An observation-based study is presented that utilizes aircraft data from the 2003 Wakasa Bay Advanced Microwave Scanning Radiometer Precipitation Validation Campaign to assess recent advances in the modeling of microwave scattering properties of nonspherical ice particles in the atmosphere. Previous work has suggested that a triple-frequency (Ku–Ka–W band) reflectivity framework appears capable of identifying key microphysical properties of snow, potentially providing much-needed constraints on significant sources of uncertainty in current snowfall retrieval algorithms used for microwave remote sensing instruments. However, these results were based solely on a modeling framework. In contrast, this study considers the triple-frequency approach from an observational perspective using airborne radar observations from the Wakasa Bay field campaign. After accounting for several challenges with the observational dataset, such as beam mismatching and attenuation, observed dual-wavelength ratio results are presented that confirm both the utility of a multifrequency approach to snowfall retrieval and the validity of the unique signatures predicted by complex aggregate ice particle scattering models. This analysis provides valuable insight into the microphysics of frozen precipitation that can in turn be applied to more readily available single- and dual-frequency systems, providing guidance for future precipitation retrieval algorithms.

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Stefan Kneifel, José Dias Neto, Davide Ori, Dmitri Moisseev, Jani Tyynelä, Ian S. Adams, Kwo-Sen Kuo, Ralf Bennartz, Alexis Berne, Eugene E. Clothiaux, Patrick Eriksson, Alan J. Geer, Ryan Honeyager, Jussi Leinonen, and Christopher D. Westbrook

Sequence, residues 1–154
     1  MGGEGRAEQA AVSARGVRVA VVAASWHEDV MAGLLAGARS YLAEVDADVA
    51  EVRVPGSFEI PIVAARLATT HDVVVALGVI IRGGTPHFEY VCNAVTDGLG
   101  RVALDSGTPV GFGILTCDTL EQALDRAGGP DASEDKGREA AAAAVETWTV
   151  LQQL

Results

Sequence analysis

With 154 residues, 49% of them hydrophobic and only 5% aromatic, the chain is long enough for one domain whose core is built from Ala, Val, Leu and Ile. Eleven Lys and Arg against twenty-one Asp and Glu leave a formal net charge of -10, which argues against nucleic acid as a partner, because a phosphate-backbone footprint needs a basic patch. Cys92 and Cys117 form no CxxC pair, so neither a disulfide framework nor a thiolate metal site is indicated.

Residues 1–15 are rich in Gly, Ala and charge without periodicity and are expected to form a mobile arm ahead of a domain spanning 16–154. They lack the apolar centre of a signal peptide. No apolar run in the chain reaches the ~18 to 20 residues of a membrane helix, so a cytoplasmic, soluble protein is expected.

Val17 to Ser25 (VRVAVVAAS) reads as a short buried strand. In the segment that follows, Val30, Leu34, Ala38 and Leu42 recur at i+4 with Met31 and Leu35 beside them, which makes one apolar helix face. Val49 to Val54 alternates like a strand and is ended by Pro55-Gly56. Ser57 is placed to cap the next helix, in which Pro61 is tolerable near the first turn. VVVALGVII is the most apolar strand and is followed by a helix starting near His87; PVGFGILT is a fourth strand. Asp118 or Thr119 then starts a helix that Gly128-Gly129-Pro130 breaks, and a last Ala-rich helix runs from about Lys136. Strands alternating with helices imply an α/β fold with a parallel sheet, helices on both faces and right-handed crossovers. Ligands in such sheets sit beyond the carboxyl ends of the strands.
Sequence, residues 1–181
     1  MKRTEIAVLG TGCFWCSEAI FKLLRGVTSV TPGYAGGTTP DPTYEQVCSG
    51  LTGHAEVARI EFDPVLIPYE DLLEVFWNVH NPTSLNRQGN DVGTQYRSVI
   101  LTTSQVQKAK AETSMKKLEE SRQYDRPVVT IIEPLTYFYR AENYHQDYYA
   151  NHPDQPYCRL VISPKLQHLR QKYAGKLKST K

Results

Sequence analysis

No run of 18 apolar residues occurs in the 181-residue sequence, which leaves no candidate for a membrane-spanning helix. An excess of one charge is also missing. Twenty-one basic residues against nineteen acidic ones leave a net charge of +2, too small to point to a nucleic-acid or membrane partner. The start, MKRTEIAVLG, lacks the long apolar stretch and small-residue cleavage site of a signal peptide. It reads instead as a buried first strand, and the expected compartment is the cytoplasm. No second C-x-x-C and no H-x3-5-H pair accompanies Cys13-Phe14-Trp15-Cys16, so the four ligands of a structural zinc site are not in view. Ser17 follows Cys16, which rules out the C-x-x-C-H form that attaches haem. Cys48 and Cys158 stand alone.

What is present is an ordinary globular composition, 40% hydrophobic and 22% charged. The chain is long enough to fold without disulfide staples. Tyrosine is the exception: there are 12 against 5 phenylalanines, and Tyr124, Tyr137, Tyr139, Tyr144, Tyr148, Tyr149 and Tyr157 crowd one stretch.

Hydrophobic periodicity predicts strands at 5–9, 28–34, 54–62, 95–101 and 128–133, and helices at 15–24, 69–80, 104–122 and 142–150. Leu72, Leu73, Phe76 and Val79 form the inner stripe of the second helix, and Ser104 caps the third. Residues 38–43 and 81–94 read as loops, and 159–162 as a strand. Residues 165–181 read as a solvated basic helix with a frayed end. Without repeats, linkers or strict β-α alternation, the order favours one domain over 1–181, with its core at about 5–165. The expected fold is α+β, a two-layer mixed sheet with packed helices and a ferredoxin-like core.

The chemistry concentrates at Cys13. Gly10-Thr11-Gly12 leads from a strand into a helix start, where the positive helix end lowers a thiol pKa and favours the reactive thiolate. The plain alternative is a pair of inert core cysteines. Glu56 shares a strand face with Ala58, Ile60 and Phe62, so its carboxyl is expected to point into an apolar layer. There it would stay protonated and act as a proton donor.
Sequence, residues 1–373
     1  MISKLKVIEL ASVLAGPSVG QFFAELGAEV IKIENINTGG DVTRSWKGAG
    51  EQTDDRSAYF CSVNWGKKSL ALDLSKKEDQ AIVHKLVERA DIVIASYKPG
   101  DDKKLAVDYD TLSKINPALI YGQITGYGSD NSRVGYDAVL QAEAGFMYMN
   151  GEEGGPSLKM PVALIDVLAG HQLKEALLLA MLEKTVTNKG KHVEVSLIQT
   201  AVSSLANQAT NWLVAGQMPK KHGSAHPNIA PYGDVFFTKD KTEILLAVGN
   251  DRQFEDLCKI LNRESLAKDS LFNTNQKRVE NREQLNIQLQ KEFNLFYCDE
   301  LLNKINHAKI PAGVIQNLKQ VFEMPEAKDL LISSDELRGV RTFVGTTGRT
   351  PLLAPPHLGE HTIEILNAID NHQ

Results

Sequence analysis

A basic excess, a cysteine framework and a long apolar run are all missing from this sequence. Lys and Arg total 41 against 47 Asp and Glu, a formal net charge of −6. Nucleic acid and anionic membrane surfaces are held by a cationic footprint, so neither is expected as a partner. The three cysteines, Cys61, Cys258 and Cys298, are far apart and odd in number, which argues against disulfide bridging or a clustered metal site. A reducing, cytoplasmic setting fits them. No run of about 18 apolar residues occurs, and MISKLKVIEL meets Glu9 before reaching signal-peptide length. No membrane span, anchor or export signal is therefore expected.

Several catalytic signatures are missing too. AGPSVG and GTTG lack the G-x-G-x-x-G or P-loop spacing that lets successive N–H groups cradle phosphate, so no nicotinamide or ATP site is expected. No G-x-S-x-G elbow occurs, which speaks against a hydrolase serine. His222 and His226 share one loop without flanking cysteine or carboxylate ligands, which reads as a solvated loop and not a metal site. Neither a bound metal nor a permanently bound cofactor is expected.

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Mark S. Kulie, Claire Pettersen, Aronne J. Merrelli, Timothy J. Wagner, Norman B. Wood, Michael Dutter, David Beachler, Todd Kluber, Robin Turner, Marian Mateling, John Lenters, Peter Blanken, Maximilian Maahn, Christopher Spence, Stefan Kneifel, Paul A. Kucera, Ali Tokay, Larry F. Bliven, David B. Wolff, and Walter A. Petersen

Abstract

A multisensor snowfall observational suite has been deployed at the Marquette, Michigan, National Weather Service Weather Forecast Office (KMQT) since 2014. Micro Rain Radar (MRR; profiling radar), Precipitation Imaging Package (PIP; snow particle imager), and ancillary ground-based meteorological observations illustrate the unique capabilities of these combined instruments to document radar and concomitant microphysical properties associated with northern Great Lakes snowfall regimes. Lake-effect, lake-orographic, and transition event case studies are presented that illustrate the variety of snowfall events that occur at KMQT. Case studies and multiyear analyses reveal the ubiquity of snowfall produced by shallow events. These shallow snowfall features and their distinctive microphysical fingerprints are often difficult to discern with conventional remote sensing instruments, thus highlighting the scientific and potential operational value of MRR and PIP observations. The importance of near-surface lake-orographic snowfall enhancement processes in extreme snowfall events and regime-dependent snow particle microphysical variability controlled by regime and environmental factors are also highlighted.